Researcher encouraged by recent efforts to get answers about head tremors in horses

picture by Eva Tomankova

A researcher interested in trigeminal-mediated head tremors in horses is spurred by renewed interest in finding answers around the puzzling syndrome.

Kirstie Pickles, in a clinical commentary in the latest issue of the journal Equine veterinary education, says the hunt is now on for the cause of aberrant trigeminal nerve activity behind the condition. So far, he has remained hopelessly elusive.

The term equine trigeminal-mediated head tremor has replaced the previously used diagnosis of idiopathic head tremor.

Pickles, a clinical assistant professor of equine medicine at the University of Nottingham’s School of Medicine and Health Sciences, says the diagnosis is in horses with a suspected functional disorder of the trigeminal nerve. This is distinct from horses in which disease or trauma has damaged branches of the trigeminal nerve, causing head tremors.

Conclusive involvement of the trigeminal nerve in head shaking has only been confirmed in the past 10 years, Pickles notes, although it was first proposed more than a century ago.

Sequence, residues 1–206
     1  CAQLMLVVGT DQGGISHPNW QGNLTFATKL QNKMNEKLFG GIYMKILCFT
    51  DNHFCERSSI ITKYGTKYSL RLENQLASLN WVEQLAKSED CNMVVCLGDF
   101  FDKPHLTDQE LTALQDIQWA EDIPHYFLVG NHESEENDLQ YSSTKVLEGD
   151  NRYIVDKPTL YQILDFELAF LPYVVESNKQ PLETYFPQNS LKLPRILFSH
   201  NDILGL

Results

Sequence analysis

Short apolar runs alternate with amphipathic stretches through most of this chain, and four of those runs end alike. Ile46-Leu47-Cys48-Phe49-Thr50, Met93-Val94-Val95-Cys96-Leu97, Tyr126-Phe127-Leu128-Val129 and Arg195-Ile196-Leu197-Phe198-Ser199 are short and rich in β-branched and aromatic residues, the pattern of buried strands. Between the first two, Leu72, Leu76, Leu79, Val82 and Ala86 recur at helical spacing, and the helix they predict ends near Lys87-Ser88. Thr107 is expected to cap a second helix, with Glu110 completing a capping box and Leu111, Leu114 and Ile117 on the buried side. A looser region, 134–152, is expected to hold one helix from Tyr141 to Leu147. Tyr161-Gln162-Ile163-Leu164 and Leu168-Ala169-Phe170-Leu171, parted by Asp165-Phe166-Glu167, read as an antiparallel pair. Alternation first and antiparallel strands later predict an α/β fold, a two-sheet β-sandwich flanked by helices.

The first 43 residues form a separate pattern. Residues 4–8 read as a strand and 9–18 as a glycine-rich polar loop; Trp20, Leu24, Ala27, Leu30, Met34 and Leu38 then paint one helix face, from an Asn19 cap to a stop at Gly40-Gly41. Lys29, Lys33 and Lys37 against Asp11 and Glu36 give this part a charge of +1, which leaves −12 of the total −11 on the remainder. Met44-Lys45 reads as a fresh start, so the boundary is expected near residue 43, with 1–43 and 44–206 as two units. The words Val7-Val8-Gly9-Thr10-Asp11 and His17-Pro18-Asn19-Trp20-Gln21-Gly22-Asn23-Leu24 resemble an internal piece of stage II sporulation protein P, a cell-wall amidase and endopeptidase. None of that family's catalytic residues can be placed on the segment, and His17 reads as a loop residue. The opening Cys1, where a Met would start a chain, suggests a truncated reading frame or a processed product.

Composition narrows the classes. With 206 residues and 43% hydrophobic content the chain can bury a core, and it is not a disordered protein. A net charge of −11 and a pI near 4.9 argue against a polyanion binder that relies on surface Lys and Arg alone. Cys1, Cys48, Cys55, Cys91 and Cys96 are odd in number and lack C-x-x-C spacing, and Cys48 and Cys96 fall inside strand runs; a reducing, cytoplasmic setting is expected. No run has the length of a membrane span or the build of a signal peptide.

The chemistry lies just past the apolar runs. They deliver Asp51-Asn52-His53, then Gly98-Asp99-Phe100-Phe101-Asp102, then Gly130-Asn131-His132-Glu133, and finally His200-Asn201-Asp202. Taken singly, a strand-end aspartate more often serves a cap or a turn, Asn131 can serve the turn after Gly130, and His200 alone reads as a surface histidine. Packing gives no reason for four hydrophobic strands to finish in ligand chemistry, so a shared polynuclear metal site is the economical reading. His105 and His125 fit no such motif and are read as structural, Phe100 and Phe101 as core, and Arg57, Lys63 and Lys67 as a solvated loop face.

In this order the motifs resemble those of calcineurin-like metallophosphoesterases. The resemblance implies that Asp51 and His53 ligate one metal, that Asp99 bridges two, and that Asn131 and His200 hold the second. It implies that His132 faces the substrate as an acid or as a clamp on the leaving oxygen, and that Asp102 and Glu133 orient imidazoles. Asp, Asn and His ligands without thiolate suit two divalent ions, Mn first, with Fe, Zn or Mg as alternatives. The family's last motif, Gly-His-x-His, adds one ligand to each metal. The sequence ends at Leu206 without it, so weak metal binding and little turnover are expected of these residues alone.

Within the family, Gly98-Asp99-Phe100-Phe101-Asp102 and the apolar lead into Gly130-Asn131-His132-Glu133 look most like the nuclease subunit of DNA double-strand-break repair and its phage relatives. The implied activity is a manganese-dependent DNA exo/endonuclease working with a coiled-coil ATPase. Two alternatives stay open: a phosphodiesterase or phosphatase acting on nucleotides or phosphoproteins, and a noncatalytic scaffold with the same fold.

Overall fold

The aberrant trigeminal nerve function documented in nerve conduction research, along with the seasonality of clinical signs in many head-shaking horses and the absence of obvious lesions in the trigeminal nerves and ganglia in affected equines, indicate a physiological or functional pathology rather than a structural, nervous disorder.

Pickles says assessment of trigeminal sensory function in control horses and horses with trigeminal-mediated head tremor is warranted.

Although the cause remains to be established, recent studies have explored several possibilities. These include the potential role of gonadotropin fluctuations, the dietary cation-anion balance, and the possible role of the caecal microbiota.

“Finally, after decades of inactivity, there has been renewed interest in demystifying this syndrome,” she says.

Pickles, K. (2022) Trigeminal-mediated headshaking: a diagnostic challenge. Equine Veterinary Education, 00, 1–2. Available from:

The full clinical commentary, published in a Creative Commons Licensecan be read here.

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